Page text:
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Trends in Comparative Biochemistry & Physiology   Volumes    Volume 8 
Gravity orientation of comb building by hornets and wasps – a review
Jacob S. Ishay, Luba Litinetsky
Pages: 1 - 25
Number of pages: 25
Trends in Comparative Biochemistry & Physiology
Volume 8 

Copyright © 2001 Research Trends. All rights reserved


Social hornets and wasps (Vespinae) build their combs in nature with the cell outlets facing down, in the direction of earth`s gravitational force. The workers of the Oriental hornet spontaneously build combs also under laboratory conditions and here, too, the building is gravity-directed, to an error of a mere 1°. This latter in vitro comb building was examined by us both in a static state, wherein the workers are kept in appropriate stationary artificial breeding boxes (ABBs) while in dimness or darkness, as well as in a dynamic state, that is, with their ABBs affixed to the arms of a moving horizontal or vertical centrifuge. The angle of the building resultant while on a moving centrifuge is computed by the formula: tan Ф = (2πf)2 rg =2 (25/60)2 r/980, where r = radius, g = the gravitation constant and 2πf = the angular frequency. Invariably, the comb building by workers takes place during their first two weeks of life. Both in presence or absence of a queen, the number of cells built depends on the size of the worker group in the ABB, according to the equation cell (building) =  , and this in groups numbering up to 15 workers. In larger groups of 50-60 workers, the workers are seen to split into sub-groups of 8-15 workers, with each such sub-group building a separate comb. In even larger groups, that is, in ABBs housing up to 100 workers, no building occurs.

In the upper part of the inside of each cell in the built comb there is a corpuscle containing a high concentration of iron and titanium, apparently in the form of FeTiO3. We conjecture that this is a keystone-like crystal inserted in the zenith of the cell and indicating the direction of further building downwards in the cell.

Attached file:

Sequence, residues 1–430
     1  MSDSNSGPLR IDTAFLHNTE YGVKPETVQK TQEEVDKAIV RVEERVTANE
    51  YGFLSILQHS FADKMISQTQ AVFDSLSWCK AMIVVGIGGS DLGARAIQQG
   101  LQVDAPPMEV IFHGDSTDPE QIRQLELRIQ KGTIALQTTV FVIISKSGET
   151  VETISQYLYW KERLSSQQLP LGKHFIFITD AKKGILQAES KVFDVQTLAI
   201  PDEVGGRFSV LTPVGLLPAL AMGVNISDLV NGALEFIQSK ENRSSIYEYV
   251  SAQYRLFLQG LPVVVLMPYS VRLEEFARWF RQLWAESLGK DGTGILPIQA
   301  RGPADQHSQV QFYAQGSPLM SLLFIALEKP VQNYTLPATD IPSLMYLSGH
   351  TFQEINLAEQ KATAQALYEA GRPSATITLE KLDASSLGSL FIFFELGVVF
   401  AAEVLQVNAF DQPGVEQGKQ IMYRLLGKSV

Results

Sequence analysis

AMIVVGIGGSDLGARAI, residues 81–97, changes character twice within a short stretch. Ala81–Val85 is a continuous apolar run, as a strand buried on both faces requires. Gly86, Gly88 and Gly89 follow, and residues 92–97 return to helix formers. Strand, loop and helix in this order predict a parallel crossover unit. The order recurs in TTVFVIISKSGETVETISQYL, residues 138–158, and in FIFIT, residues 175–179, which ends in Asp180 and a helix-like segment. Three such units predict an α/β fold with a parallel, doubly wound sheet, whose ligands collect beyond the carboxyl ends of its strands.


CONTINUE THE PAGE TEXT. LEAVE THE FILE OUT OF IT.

Other species of social wasps/hornets do not usually build new cells in the absence of a queen. The sense of gravitation was investigated also in adult hornets. We found that when placed on a closed horizontal flat, it suffices to tilt the flat by as little as 1° for some of the workers to commence climbing up the slant. The Oriental hornet is found to possess an organ between the frons plate and the protocerebrum. This organ boasts nerve fibers which lend it the appearance of a harp and on these fibers there are rounded, plummet-like bodies. In the interior part of the organ there are abundantly ciliated flats, whose cilia can morphologically be assigned to three different groups. This organ has been named the Ishay organ and it probably serves as the gravitation-sensing organ in hornets. It is encountered in all the Vespinae and, not surprisingly, all the species in this group build in the direction of the gravitational force. We consider the possible intervention in the process of comb building also of the vertical vector of the magnetic field of the earth. We have previously carried out an experiment geared to study hornet comb building in outer space; however, our hornets did not build combs in space, while those returning from their sojourn in space built in our laboratory combs comprised of cell which at first were of greater dimensions than normal and subsequently were of smaller dimensions than normal, but invariably the building was gravity-directed. The time constant for detecting the gravity orientation is a matter of seconds but the change of building orientation is a matter of days.

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